Increasing your repayment period can also often increase the amount you have to repay. However, if the immediate goal is to reduce your monthly payments so you can avoid the consequences of default, then paying more over the lifetime of your loan may be worth it for you.

Tax and wage Garnishments on Defaulted Loans

If you don’t make payments on your student loans, they enter default. At that point, the lender will have more power to collect, including the ability to take some of your money before you ever see it. There are two ways that can happen.Wage garnishment takes the money out of your paycheck, and offset takes it out of income tax refunds or other government payments.

You may be able to avoid having your wages garnished or tax refund or other federal or state benefits seized if you set up a satisfactory repayment arrangement and begin making payments. Payments made under a voluntary payment plan are often lower than the amount taken through garnishment and can lead to resolving the default altogether through rehabilitation or consolidation.

Contact Us to consolidate or rehabilitate your federal student loans

Getting Out of Default

There are many options for repayment relief for borrowers who are having trouble repaying their education loans. These include deferments and forbearances that suspend the monthly payment obligation, alternate repayment plans that reduce the monthly payments by increasing the loan term, and forgiveness and discharge programs that cancel the loans entirely. Which options are appropriate for you depends in part on whether your financial difficulty is short-term or long-term?

These solutions are mainly for borrowers of federal education loans, as options for borrowers of private student loans are more limited. Contact Us today and we will help you find YOUR solution.

Forbearance / Deferment

When your federal student loans are in default, the options are not particularly attractive.

Both choices, rehabilitation and consolidation, have downsides. However, both options are far better than letting your federal loans stay in default.

What is the difference?

Rehabilitation and consolidation both accomplish the same goal… getting your federal student loan or loans out of default.

When you rehabilitate your loans, you work with your loan servicers on a monthly payment plan to get your loan current. Rehabilitation requires the borrower to make nine payments in a ten month period to bring the loan out of default. This has to be done for each loan that is in default.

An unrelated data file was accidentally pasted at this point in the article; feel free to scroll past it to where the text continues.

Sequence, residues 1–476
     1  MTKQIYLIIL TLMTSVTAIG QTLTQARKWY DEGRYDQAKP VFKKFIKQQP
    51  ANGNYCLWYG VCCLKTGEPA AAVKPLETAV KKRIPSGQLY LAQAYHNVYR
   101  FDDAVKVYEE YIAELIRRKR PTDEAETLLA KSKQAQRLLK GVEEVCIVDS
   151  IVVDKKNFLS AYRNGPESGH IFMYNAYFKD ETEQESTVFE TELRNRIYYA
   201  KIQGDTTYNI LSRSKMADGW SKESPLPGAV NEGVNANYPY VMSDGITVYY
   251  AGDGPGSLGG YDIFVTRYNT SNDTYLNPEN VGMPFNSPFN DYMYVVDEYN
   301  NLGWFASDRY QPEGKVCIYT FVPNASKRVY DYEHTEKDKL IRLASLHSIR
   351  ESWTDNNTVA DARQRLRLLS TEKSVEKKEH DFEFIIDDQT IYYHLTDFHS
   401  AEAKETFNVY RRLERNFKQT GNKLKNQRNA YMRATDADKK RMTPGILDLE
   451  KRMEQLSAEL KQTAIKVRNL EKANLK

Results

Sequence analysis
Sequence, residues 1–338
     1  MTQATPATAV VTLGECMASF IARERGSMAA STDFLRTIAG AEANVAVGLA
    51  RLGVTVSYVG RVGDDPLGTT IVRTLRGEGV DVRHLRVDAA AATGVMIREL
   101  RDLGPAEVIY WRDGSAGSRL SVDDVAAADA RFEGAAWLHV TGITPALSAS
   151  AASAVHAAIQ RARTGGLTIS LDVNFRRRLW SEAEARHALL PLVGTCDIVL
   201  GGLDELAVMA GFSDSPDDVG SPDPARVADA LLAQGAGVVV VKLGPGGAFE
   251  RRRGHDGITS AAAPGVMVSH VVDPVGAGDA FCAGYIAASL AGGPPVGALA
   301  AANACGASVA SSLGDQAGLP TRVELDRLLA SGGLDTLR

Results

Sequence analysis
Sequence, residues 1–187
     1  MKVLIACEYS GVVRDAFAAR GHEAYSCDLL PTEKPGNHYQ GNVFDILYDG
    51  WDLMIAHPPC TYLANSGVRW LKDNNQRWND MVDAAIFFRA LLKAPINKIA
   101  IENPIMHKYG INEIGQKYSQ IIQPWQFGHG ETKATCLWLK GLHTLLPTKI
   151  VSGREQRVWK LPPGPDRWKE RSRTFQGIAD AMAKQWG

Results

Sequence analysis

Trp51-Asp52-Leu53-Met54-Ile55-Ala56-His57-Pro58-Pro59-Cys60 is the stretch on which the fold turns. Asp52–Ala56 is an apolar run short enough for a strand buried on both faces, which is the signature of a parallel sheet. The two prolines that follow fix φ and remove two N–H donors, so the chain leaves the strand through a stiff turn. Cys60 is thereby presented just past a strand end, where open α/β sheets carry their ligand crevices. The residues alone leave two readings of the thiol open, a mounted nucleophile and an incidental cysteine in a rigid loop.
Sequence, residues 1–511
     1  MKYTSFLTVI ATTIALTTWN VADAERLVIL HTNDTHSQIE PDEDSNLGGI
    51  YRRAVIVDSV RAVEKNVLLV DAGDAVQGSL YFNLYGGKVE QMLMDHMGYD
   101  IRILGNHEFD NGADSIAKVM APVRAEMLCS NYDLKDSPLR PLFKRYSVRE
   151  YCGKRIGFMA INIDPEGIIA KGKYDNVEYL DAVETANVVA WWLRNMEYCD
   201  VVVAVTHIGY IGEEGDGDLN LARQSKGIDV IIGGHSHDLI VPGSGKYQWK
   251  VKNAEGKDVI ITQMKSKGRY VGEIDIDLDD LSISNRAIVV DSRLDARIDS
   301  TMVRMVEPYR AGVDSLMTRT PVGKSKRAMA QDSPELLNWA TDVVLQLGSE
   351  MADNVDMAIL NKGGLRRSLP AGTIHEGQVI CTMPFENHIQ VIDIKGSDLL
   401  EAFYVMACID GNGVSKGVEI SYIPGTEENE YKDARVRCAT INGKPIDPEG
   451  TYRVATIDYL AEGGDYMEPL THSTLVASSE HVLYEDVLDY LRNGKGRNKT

Consolidation requires the borrower to go through federal direct consolidation. Consolidating your loans means that your old loans will be paid off and that you will be left with a new larger consolidated loan.

The best part about getting your federal loans out of default is that you can remain on one of the many great federal repayment plans. Income based repayment plans, such as PAYE, ensure that even if you are unemployed, you can keep your loans current and your credit back on track.

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EDUCATION ADVISORY GROUP “EAG” is a for-profit business that for a fee assists in compiling, preparing and processing paperwork for people seeking consolidation, restructuring and/or forgiveness of their federal student loans through the U.S. Department of Education’s (“DOE”) programs. · EAG is not affiliated with and has no special relationship with the DOE or any other academic or governmental entity. · This site and is not affiliated with or endorsed by the DOE, and the content or any information posted on this site is not endorsed by and does not reflect the views of the DOE. · You can apply for loan consolidation or alternative repayment programs on your own without paid assistance through the DOE at EAG is not a loan servicer and does not renegotiate, settle, or in any way alter the terms of any payment or debt.